Who Sees the Money?




Sometimes we, as consumers, aren’t always aware of how our money is distributed after a purchase. When we hand over cash to buy a package of Oscar Mayer Classic Wieners for our picky nephew coming over this weekend, where does it really go? If you’re a little curious as to how your bucks break down, read on.
Americans eat lots of high-mileage meals. It is estimated that a single food item, from its site of production to its delivery destination (i.e. grocery store), travels over 1500 miles! Now imagine if those were all truck miles (they could be rail, ship or another form of transportation).
The average operating cost per mile for the trucking industry is $1.38. That cost is reached by adding together what it costs per mile for a truck to operate. In order of highest expense to lowest, those costs are: fuel, driver salary, truck cab/trailer, maintenance, tires and permits/licenses/tolls.
That means, with distance traveled and expense per mile - one package of hot-dogs cost $2,070 to get to your local grocery store! Of-course, a truck isn’t usually loaded with just one package of hot dogs. A loaded truck usually carries a median of 75,000 lbs.
A package of Oscar Mayer Classic Wieners, containing 10 hot-dogs, weighs 1 lb. Therefore, our truck is carrying a possible 75,000 packages of hot-dogs. That in turn brings down our transportation cost to $0.28 for one single package of dogs. A consumer is usually able to purchase this particular brand of hot-dog for an average of $2.78 – which puts the transportation cost for each package purchased (around that price) at the 10% mark. So, 10% of the price paid for a protein source, that is not purchased from a local grower or producer, goes to transportation costs.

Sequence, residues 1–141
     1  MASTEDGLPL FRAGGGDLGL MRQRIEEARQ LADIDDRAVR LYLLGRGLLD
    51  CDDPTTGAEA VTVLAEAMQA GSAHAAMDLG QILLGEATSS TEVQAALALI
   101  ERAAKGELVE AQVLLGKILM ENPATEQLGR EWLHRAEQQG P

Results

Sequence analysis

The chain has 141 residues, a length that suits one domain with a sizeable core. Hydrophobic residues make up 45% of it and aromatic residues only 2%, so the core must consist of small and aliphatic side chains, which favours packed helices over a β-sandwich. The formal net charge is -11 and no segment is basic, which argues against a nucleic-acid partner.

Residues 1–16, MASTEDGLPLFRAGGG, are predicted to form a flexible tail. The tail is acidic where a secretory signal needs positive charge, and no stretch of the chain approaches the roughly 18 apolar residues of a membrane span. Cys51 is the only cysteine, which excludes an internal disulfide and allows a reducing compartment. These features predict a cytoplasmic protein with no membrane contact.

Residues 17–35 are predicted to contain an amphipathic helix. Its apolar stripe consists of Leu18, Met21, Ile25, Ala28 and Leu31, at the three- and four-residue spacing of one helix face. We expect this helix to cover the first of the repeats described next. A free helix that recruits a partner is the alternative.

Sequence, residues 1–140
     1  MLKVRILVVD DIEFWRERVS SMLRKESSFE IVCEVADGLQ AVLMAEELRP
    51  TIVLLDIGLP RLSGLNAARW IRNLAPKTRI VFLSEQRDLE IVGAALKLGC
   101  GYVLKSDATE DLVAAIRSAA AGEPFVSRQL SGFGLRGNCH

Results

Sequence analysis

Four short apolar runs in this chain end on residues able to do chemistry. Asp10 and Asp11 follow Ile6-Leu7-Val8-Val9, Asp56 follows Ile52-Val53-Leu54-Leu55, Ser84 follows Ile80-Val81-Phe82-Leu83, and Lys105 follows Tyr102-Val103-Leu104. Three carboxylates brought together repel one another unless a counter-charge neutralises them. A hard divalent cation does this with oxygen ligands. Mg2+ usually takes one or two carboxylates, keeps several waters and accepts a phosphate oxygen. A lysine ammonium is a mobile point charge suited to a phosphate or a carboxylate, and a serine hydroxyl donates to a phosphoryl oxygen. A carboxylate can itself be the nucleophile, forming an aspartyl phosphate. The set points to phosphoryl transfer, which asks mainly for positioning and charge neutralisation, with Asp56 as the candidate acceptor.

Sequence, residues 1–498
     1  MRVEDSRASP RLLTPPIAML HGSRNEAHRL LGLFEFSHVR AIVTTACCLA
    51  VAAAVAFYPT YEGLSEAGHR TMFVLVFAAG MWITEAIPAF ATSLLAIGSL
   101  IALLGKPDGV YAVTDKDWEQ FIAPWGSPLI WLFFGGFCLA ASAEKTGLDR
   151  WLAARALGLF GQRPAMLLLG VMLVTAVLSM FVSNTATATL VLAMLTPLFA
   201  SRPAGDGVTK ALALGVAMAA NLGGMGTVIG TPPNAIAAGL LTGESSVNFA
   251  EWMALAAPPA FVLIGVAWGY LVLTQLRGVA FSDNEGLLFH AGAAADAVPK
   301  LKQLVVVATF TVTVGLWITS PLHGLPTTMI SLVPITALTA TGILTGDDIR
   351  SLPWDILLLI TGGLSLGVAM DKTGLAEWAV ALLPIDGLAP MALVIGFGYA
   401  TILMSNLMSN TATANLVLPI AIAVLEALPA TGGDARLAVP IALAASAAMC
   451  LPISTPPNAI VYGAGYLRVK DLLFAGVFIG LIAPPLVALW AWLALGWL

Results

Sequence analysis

Now we need to factor in a few more things before we really know where our $2.78 went. The store that carried those wieners lost the amount that it cost for them to even carry that inventory in the first place. According to IMS Consulting, a store invests about 25% of their carrying price in inventory carrying costs every year (such as storage space, utility bills and equipment). So we’ve lost $0.70 to the carrying costs from that package of wieners, leaving us with $1.80. Well, actually that leaves us with $1.77 because the average grocery market profits about 1% on their inventory prices.
let’s not forget to factor in the grocery store’s costs of operation (wages, insurance, licensing etc.) which average around 15%. So there goes another $0.42 from our Oscar Mayer Wieners. Now all we have left to work with, which takes us to the beginning of the story for our hot-dogs, is $1.35. That is not a very high number to work with when we consider that the beginning of the story hasn’t even been told yet. We have not looked at the costs of production. $1.35 per package is all we have left to distribute to the costs of operation for the factory where these dogs were produced and the profit for the company to receive – not to mention the percentage that goes to the farms where the animals were raised for this production facility.
We won’t get into the breakdown of those costs here – but the point is this: it is up to the consumer to decide if it is important to purchase proteins that are grown and produced locally. Next time you buy groceries, you are deciding if that 51% of costs that we just looked at should go more directly to the farmers and growers, or if it should continue to be distributed the way it has been described above. 


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